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‘The knock of a lifetime’ – Niall O’Brien reminisces Kevin’s World Cup wonder

by Niall O'Brien 3 minute read

Niall O’Brien recalls his brother’s outstanding display of ball-striking, which powered Ireland to a memorable win against England in a Group B fixture of the 2011 World Cup. Intro by Roshan Gede.

“Into the leg side. This is it, this is it, this is it! Take a bow Ireland, what a game of cricket! England cannot believe it. I can’t believe it. Hussain can’t believe it. Terrific Ireland! What a game of cricket!”

David Lloyd provided the most memorable of soundtracks to capture the moment. It was after John Mooney had flicked one through mid-wicket on the first ball of the final over, to complete the highest ever successful run-chase in World Cup cricket. Lloyd’s disbelief was understandable, for he’d seen many remarkable turnarounds in limited-overs cricket, but perhaps none as dramatic as the one on that March evening in Bengaluru.

Niall O’Brien had stood tall to help Ireland register a historic win over Pakistan on St. Patrick’s Day at the 2007 World Cup. Four years later, his brother Kevin would go on to power his team to another remarkable upset with an innings for the ages.

In pursuit of England’s first innings total of 327-8, Ireland lost their skipper William Porterfield on the first ball of the chase and things got worse when they had slipped to 106-4 in the 23rd over. It took a stunning display of ball-striking from the all-rounder, one that included 13 hits to the fence and six over it, each landing deep into the Chinnaswamy stands, to script a phenomenal comeback. By the time he was dismissed, the writing was on the wall for Andrew Strauss’ men.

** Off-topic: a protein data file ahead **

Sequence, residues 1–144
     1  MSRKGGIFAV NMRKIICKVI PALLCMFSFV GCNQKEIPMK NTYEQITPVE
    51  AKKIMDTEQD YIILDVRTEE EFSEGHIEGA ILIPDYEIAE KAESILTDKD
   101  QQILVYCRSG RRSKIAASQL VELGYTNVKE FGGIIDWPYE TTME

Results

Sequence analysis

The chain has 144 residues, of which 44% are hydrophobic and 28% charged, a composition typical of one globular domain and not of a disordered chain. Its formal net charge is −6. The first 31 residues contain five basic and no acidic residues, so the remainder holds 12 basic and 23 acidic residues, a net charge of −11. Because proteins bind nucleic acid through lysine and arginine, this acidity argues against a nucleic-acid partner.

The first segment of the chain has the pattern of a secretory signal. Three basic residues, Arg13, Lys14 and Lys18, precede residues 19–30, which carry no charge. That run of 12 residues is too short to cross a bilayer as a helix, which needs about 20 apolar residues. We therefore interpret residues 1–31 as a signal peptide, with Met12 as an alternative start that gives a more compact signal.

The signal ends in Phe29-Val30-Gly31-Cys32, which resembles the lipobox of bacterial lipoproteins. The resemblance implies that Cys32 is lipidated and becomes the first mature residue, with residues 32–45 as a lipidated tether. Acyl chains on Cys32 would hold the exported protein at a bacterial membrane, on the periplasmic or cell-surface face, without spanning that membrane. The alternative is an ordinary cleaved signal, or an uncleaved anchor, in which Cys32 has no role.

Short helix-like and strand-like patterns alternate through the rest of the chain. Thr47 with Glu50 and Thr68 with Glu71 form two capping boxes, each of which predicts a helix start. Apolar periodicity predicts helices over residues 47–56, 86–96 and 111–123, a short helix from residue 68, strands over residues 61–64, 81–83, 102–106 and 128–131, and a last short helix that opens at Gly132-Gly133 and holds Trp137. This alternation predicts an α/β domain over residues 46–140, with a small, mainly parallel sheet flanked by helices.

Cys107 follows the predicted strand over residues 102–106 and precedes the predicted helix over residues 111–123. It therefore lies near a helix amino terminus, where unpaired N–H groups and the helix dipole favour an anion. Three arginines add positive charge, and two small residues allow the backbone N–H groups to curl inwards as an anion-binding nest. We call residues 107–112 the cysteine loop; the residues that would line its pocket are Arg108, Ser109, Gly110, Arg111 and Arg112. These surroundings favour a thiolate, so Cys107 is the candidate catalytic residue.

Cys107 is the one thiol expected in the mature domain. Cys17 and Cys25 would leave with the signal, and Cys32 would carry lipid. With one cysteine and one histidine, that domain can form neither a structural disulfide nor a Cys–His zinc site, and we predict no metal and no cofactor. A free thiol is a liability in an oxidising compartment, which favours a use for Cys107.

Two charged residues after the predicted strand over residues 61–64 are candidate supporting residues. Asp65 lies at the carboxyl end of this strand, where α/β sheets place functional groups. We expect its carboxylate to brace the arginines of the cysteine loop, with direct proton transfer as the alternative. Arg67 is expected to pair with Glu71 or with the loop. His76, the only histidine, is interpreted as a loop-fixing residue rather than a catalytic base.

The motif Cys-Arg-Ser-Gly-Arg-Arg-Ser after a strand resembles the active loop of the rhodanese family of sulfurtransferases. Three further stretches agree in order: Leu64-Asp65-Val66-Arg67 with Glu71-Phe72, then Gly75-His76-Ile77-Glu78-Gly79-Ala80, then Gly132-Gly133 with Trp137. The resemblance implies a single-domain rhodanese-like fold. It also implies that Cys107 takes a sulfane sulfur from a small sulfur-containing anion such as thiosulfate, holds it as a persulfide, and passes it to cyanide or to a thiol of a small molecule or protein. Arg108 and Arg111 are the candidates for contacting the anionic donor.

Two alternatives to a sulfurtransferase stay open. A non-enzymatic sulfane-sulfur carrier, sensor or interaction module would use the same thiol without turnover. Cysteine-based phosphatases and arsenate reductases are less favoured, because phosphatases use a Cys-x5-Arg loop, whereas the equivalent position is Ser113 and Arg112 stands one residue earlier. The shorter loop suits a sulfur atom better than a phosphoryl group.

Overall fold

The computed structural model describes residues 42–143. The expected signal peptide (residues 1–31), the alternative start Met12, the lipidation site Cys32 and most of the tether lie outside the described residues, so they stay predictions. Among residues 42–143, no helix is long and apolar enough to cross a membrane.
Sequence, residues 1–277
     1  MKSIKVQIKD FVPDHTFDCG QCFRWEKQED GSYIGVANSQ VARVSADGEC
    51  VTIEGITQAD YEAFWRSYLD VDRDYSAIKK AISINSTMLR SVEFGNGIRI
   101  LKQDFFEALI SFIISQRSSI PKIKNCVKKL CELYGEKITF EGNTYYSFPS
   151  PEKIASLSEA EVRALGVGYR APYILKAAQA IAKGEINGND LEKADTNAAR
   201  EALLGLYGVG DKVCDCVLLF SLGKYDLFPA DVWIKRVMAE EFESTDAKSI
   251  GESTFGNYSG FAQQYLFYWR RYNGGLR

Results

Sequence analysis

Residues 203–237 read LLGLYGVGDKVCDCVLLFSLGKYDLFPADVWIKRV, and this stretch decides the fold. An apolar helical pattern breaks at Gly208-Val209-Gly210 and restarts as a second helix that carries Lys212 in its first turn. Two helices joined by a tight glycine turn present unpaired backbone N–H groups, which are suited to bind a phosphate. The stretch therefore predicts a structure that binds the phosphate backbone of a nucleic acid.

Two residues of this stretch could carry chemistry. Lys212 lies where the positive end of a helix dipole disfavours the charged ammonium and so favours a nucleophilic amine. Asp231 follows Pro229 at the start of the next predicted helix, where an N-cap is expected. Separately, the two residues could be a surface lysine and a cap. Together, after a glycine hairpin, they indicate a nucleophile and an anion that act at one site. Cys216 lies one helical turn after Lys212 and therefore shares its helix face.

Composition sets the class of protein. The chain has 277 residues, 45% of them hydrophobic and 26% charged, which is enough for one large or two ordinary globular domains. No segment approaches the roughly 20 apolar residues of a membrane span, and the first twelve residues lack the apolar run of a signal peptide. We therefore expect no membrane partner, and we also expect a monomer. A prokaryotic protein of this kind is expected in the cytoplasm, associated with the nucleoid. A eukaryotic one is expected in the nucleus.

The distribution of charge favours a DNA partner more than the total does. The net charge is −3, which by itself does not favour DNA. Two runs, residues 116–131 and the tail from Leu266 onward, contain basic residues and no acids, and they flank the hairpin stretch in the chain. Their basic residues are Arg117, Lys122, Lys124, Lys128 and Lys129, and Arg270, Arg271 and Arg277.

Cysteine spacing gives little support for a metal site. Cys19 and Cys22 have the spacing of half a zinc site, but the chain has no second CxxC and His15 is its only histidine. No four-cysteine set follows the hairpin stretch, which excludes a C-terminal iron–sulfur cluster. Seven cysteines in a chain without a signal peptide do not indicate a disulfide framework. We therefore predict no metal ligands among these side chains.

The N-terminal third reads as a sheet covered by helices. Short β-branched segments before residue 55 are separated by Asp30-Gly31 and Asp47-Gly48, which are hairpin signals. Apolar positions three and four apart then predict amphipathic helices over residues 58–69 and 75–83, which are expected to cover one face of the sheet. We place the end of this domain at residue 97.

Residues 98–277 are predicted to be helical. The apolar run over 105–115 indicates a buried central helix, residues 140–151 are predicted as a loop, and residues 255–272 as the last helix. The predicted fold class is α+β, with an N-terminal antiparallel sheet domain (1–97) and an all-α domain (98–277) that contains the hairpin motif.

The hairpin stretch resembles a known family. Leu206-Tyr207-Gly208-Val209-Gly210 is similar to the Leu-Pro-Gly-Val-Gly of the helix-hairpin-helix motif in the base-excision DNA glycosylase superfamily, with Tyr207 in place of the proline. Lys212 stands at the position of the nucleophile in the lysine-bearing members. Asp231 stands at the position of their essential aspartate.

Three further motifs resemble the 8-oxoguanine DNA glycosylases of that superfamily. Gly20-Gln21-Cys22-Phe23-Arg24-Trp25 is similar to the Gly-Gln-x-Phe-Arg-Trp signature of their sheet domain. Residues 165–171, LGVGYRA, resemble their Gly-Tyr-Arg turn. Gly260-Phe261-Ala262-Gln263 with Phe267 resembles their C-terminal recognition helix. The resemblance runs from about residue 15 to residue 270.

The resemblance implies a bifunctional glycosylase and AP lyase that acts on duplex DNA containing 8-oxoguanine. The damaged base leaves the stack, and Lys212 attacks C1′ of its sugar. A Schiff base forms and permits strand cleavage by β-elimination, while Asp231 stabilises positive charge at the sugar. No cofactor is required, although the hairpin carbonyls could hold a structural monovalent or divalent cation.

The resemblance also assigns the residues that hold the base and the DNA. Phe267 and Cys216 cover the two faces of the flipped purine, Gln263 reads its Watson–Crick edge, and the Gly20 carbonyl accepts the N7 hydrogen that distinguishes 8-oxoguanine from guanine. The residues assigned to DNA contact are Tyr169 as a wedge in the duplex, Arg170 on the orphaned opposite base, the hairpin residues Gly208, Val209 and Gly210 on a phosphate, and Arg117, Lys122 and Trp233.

For Niall, the game was almost lost when Ireland were four down in the chase, still more than 200 away from the target. The elder brother picks up the story of an exceptional turnaround.

Kevin O’Brien was at his brutal best during his 2011 World Cup knock v England

“Myself and Ed Joyce were in the dressing room for ages kicking our pads and cursing ourselves for getting out on such a good wicket – he’d been stumped and I’d made 29. Then, all of a sudden, we heard the boys shouting, ‘Shot Kev, keep going buddy!’ and then we heard people saying, ‘Well batted, Kev.’ Me and Ed looked at each other and said: “What the hell? He’s got fifty!” We only went out after that, so I only saw the second half of the knock!

“It was unbelievable scenes, really. Just the cleanest striking you could ever wish to see. Towards the end Kev got run out, but there was no panic, we saw it home easy enough. It was in the bag! John Mooney and Alex Cusack did a great job, there were never any nerves at all.

“It was an absolutely amazing knock, the knock of a lifetime. We were just so lucky as a team that it came against England in such a big game. For a bloke to play that well and win a game singlehandedly is absolutely outstanding. It broke so many records, and it helped us to a memorable victory that will never be forgotten, so we’re forever indebted to Kev and his performance. He’s just a top-class player who can destroy teams on his day.”

First published in June 2017

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